Diversity, Inclusion Deliver for Better Entertainment, Results
In 2007, the envelope-stuffing Netflix transformed itself into what is now the global streaming entertainment giant with 203 million-plus subscribers in 190-plus countries. At the same time, it acquired fresh video content from those countries to entertain folks in every other country around the globe.
Still not able to (yet) directly serve streaming customers in the Middle Kingdom, Netflix is not above acquiring and sharing Chinese-developed content for subscribers around the globe.
Three years after the #OscarsSoWhite social movement began, Netflix issued its first inclusion report prepared by Verna Myers, a veteran diversity consultant and the company’s first inclusion officer who bluntly told management, “You just aren’t as good as you think you are.”
But at least diversity and inclusion have finally become the concerns and focus — not just for Netflix but for any M&E company that wants to grow and prosper nationally and internationally.
It hasn’t been easy, and it won’t be easy for the industry to reprioritize itself and, in turn, help the world’s viewing public change.
But we’re 100 percent confident it will happen because video content is a common language around the globe and the more, we see it as the natural normal, the more we’ll expect it.
Hattie McDaniel proved that it is a slow, arduous but achievable goal years ago when she put a checkmark beside all of the points people dream of when they come to Hollywood:
• Won an Oscar for best supporting actress in 1939
• Was an invited guest at the ceremonies, not a servant
• Had a steady stream of acting jobs during her career
• Has not one but two stars on the Hollywood Walk of Fame – one for radio, one for motion pictures
The entertainment industry can almost be proud of what it helped her achieve during her lifetime but:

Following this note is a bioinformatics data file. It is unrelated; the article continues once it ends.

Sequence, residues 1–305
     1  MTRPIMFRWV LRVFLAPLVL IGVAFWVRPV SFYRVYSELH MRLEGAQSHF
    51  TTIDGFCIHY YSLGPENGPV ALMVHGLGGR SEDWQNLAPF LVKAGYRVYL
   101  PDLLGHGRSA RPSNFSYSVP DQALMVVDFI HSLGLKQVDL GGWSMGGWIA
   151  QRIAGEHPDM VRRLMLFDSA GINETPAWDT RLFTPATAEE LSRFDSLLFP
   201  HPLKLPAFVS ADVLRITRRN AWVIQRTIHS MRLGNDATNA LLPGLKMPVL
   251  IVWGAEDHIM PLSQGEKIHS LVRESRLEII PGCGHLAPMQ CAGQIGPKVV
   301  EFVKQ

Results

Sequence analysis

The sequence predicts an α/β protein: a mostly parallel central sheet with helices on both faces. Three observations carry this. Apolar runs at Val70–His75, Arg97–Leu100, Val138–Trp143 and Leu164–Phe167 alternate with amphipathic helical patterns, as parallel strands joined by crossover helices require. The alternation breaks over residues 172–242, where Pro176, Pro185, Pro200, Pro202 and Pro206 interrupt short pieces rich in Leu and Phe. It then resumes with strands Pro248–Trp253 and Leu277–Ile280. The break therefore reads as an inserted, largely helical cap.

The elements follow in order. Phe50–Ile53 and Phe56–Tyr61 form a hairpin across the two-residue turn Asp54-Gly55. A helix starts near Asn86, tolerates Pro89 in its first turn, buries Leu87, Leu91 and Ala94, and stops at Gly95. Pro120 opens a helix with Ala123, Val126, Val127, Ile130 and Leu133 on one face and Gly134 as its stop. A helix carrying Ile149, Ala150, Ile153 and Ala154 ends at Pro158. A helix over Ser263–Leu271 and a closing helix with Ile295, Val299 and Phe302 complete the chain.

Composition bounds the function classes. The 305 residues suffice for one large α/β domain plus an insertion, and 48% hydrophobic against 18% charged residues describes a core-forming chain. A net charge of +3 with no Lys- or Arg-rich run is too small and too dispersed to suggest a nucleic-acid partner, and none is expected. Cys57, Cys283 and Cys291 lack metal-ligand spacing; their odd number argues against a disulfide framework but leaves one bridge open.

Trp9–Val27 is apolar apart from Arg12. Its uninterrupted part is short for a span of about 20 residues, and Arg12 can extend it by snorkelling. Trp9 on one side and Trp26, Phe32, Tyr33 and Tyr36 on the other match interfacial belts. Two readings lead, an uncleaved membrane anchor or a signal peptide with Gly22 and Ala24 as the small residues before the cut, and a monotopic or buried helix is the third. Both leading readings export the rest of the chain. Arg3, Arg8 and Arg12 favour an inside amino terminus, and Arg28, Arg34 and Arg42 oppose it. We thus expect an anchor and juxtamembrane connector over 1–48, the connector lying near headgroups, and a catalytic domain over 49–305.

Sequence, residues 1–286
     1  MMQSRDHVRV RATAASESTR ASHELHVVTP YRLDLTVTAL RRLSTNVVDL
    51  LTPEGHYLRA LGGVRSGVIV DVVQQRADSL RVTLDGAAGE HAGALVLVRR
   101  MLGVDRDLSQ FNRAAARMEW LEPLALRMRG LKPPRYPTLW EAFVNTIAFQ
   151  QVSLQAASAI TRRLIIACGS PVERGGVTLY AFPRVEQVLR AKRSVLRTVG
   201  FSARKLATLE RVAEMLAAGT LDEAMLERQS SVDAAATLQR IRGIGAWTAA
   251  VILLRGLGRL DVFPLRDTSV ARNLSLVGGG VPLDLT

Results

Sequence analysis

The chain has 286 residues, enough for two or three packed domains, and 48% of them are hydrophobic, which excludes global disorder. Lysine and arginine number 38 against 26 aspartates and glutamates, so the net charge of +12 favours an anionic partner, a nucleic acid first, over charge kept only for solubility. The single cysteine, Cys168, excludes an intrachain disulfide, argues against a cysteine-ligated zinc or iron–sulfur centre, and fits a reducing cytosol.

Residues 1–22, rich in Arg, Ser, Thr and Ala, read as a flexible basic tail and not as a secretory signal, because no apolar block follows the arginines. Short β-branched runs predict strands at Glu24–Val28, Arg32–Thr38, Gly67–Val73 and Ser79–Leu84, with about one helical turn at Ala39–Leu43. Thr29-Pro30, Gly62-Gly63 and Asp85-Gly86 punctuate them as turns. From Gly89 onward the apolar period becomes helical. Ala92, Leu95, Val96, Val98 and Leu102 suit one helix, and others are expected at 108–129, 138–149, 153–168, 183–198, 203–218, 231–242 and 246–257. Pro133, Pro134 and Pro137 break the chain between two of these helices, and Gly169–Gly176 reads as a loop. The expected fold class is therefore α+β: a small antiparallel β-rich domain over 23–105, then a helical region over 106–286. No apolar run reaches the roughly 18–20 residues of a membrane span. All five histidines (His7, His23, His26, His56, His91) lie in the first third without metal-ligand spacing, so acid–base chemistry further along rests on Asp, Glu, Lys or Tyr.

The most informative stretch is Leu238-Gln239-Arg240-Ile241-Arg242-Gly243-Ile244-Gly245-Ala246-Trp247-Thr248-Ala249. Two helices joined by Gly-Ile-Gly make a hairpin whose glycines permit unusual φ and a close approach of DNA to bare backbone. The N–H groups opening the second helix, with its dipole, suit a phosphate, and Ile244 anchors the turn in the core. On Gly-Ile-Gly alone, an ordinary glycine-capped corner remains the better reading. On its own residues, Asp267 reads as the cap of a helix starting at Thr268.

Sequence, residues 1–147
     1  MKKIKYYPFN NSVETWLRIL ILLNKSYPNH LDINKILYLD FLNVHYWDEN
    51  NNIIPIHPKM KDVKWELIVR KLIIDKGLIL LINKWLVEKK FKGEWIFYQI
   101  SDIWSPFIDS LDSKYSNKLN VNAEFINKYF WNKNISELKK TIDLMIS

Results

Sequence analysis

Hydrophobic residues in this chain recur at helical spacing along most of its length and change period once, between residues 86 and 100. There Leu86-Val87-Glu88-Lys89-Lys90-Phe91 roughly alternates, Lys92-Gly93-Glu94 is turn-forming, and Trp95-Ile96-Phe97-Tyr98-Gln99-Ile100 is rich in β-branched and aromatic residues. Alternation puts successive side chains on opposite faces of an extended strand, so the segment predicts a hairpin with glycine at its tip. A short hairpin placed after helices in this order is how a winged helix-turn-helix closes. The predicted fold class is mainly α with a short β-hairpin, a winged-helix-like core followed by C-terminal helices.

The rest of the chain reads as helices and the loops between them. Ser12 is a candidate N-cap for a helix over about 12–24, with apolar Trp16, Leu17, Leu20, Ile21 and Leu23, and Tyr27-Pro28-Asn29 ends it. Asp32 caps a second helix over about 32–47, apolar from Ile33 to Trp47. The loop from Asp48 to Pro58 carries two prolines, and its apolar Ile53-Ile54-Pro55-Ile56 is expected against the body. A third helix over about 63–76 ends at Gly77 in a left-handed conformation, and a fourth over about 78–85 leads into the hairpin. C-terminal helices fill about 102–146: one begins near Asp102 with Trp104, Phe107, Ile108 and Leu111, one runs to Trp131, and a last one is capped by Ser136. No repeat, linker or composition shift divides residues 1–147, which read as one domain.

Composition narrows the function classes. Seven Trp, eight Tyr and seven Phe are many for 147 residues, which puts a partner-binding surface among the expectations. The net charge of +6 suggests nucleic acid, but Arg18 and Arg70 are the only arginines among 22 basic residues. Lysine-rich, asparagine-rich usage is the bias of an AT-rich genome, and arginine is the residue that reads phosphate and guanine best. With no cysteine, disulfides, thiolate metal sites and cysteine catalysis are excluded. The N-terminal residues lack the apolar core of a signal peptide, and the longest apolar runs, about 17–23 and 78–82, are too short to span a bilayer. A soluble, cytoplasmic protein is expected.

• She received her Academy Award in a segregated ceremony, had to sit in the back with the rest of the cast
• She was never offered a leading role but a supporting role, often as a servant
• She wanted to be buried in Hollywood when she died in 1952 but racism stood in the way until 1999 when she was finally memorialized at the Hollywood Forever Cemetery
She was not only a woman but a woman of color. Despite her accomplishments, even the NAACP complained because of her stereotyped servile roles.
Her response was, “I’d rather play a maid than be one,” and “Why should I complain about making $700 a week playing a maid because if I didn’t, I’d be making $7 a week being one?”
She was right … they were right.
Even though it has been difficult the past few years as the industry struggles to address problems like #MeToo and #OscarsTooWhite, she probably would have been encouraged by the limited progress we have made … even if it has been 82 years in the making.
Actually, there have always been roles for actors of color or alternative lifestyles, but they were mostly stereotypical. Eliminate the stereotype and the results can be surprising, breathtaking.
A few Sundays back, we decided to take a break and watch a no-brainer Tubi film. We scrolled by something from 2016 with Eddie Murphy on the cover called Mr. Church. Figured what the heck, should be funny with Eddie in it and certainly won’t require a lot of heavy thinking.
The movie was filled touching, unconditional love. Made us think there are probably hundreds of video stories we missed or deliberately passed on because we “knew” what it was going to be like.
We wondered how many male/female/BBOC/LGBTQ people in the industry never got their chance because they didn’t “fit the mold” as a producer, director, crew member, actor.
Thanks to the company’s annual inclusion report and Netflix management’s understanding, or at least it’s awareness that it needs to look for candidates in nontraditional ways, it is creating opportunities for Black candidates. Programs include its Netflix Virtual HBCU Boot Camp and partnering with organizations like Techqueria and Ghetto Film School to strengthen bonds with Black, Latinx, LGBTQ+ and Asian American candidates.